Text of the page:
The world is seeing an uptick in novel coronavirus cases.
So far, 16.3 million people have been infected with the virus across the globe while 650,918 people have died, according to a tally kept by Johns Hopkins University.
Reuters said it took five months to get to one million cases, 23 more days to get to three million and 87 more to get to 10 million. But which countries are still spiking?
Let’s start with the United States — the epicentre of the virus.
There are a variety of components that factor into why some countries are more heavily impacted by COVID-19 than others, experts previously interviewed by Global News said, including a country’s population’s median age, whether or not the country is a destination tourism zone, and government policies.
But as Colin Furness, an epidemiologist with the University of Toronto, said: the U.S. is a particularly “interesting” case.
As of Monday afternoon, Johns Hopkins University said the country had 4,238,500 confirmed cases of COVID-19. That’s almost double that of Brazil, which stands at 2,419,091, and a population of nearly 212 million — roughly two-thirds the size of the U.S., according to government figures.
More than 147,000 people in the U.S. have died from the virus, while just over 87,000 have died in Brazil.
Cases in the U.S. are spiking, with some states like Florida, California and Virginia recording upwards of 10,000 new cases per day.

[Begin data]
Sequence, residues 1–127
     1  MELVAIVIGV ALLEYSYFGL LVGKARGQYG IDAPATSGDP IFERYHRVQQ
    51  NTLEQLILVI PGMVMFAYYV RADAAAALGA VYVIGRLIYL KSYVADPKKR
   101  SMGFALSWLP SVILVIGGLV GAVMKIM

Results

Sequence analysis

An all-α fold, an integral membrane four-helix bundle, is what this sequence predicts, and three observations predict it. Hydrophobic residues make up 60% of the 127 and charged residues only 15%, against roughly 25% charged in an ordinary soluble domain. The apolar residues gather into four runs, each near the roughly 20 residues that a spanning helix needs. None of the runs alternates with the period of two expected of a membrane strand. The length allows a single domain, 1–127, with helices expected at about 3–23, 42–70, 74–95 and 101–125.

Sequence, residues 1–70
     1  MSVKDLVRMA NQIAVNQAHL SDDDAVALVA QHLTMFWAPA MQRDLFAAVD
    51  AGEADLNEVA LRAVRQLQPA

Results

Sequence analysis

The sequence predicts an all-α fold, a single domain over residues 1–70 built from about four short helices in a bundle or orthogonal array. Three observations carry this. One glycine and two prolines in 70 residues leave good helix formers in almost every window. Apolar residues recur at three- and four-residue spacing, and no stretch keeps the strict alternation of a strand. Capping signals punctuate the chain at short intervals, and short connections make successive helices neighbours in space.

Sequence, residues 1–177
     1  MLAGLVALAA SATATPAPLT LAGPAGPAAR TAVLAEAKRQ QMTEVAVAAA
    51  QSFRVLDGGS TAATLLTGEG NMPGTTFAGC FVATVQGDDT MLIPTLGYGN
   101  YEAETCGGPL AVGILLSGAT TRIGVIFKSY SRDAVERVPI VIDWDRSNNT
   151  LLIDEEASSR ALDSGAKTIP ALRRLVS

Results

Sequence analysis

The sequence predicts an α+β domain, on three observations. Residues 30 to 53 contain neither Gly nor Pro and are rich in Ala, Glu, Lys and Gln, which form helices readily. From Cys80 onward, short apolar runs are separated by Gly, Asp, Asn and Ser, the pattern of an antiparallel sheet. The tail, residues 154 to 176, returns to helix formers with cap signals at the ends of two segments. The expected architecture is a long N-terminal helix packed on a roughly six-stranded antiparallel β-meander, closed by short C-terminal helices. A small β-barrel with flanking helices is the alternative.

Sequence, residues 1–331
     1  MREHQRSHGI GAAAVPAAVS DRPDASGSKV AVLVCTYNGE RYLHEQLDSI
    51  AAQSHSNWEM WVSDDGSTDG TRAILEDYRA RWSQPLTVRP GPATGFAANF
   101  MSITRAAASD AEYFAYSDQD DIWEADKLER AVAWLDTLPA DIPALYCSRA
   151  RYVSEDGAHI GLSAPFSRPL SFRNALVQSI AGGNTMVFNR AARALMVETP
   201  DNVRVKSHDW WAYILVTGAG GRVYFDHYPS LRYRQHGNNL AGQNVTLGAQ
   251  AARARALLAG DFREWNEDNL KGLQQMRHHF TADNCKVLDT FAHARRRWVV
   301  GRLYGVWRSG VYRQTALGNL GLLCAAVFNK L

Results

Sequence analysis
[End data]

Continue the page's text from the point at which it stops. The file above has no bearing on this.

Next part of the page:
Furness told Global News the spread of COVID-19 in the United States can be attributed to the “two layers” that make up the U.S. population.
“There’s the wealthy United States and then there’s the poor United States,” he said.
“A lot of people who inhabit the poor United States who have no access to health care, they’ve got really poor nutrition, poor education and so on, so forth… That’s where COVID-19 is really thriving.”
Furness added the U.S. “does not have and has never had” a strong public health infrastructure.
U.S. President Donald Trump has been heavily criticized by experts for playing politics with the pandemic. He’s called the crisis a “hoax,” threatened to pull funding from schools who refused to reopen and urged states to restart their economies despite rising case numbers.
In Brazil, President Jair Bolsonaro has been stoking anti-mask sentiment, shunning face masks at events, vetoing new legislation that would require Brazilians to wear masks indoors and showing up to demonstrations protesting against health ministry mask recommendations.
By contrast, Reuters said 43 days passed between one million and two million confirmed cases in the U.S., where the spread of COVID-19 “eased briefly in May before accelerating again in June.”
“A patchwork of state and city responses has held up poorly in Brazil in the absence of a tightly coordinated policy from the federal government,” the Reuters analysis read.
“Bolsonaro, who tested positive for the virus last week, has played down its health risks and fought against social distancing orders, calling their economic effects worse than the disease itself.”